Decentralizing Resources in Los Angeles High Schools: California’s Quality Education Investment Act

By Margaret Bridges, Bruce Fuller, Andrew McEachin, Icela Pelayo, Neal Finkelstein

Description

This paper, coauthored by WestEd’s Neal Finkelstein, examines how QEIA dollars were spent in the first year of funding at four low-performing Los Angeles high schools, who was involved in decision-making, and the conditions under which funds were focused on improving teaching or the instructional program.

The investigation yielded encouraging results. Principals, teacher leaders, and school site councils were allocating QEIA dollars to improve teaching, enrich learning materials, or improve relationships. Positive signs included:

  • Strengthening small learning communities. QEIA dollars supported extra instructional hours, special workshops for students, and related activities aimed at strengthening pupil-teacher relationships. Categorical aid, blended with QEIA dollars, further strengthened small learning communities by bringing in employers and community college instructors to discuss job opportunities, and by enriching math materials, computers, and lab equipment.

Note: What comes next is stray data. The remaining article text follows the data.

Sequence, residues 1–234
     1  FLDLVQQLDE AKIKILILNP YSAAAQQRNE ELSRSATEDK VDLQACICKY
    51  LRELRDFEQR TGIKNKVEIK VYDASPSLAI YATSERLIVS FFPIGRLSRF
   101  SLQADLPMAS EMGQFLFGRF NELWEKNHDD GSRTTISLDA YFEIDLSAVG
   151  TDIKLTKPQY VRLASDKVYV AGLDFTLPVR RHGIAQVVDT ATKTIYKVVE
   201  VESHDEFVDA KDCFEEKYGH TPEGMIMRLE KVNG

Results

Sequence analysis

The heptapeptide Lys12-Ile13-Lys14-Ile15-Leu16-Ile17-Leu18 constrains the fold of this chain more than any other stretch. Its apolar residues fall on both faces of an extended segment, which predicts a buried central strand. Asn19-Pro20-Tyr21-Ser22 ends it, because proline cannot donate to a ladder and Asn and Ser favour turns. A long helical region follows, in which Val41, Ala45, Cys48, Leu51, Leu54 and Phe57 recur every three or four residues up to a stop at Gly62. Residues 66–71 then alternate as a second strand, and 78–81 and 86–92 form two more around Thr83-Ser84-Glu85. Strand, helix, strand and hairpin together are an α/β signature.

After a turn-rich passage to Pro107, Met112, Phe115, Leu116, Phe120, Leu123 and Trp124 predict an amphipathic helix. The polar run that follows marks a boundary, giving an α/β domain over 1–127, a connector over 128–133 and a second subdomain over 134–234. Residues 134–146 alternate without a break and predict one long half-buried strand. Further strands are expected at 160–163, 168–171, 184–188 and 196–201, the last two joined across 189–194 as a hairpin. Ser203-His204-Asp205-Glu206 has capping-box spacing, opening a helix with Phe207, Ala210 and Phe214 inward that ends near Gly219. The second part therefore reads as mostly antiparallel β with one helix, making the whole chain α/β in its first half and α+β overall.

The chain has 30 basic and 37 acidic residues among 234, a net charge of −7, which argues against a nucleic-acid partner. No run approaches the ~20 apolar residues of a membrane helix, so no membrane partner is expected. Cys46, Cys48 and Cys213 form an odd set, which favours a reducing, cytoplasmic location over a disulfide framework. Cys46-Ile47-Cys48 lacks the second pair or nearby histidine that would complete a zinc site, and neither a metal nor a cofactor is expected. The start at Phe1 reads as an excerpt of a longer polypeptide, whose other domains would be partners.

• Drawing human resources from community agencies and universities to better support students. Two schools used QEIA dollars to bring mental health specialists onto campus to work with students experiencing family or interpersonal problems. Another school supported local university students who serve as academic advisors for students aspiring to enter college after graduating from high school.
  • Extending instructional time. The small learning communities often hosted Saturday courses and college prep activities. One school offered special tutoring sessions to ensure that more first-year students pass algebra. After-school tutoring programs were more clearly structured and better staffed with QEIA dollars.
  • Improving instructional materials. QEIA-supported materials ranged from calculators and laptops, to laboratory equipment in one math-science small learning community, as well as supplementary readers for English classes. Small learning community leaders clearly articulated what materials were relevant for their courses, including college prep activities.
  • QEIA dollars were also used to maintain current staffing levels in the face of state budget cuts. The biggest single allocation of QEIA dollars was for teaching posts, often intended to hold onto younger teachers who were identified as contributing energy and innovation to the instructional program. Some principals reported the desirability of pricing QEIA teacher posts below the average salary level, which would incentivize them to hire more teachers, which, in turn, would help reduce class size.

Resource Details

Product Information

Copyright: 2010
Format: PDF
Pages: 46
Publisher: PACE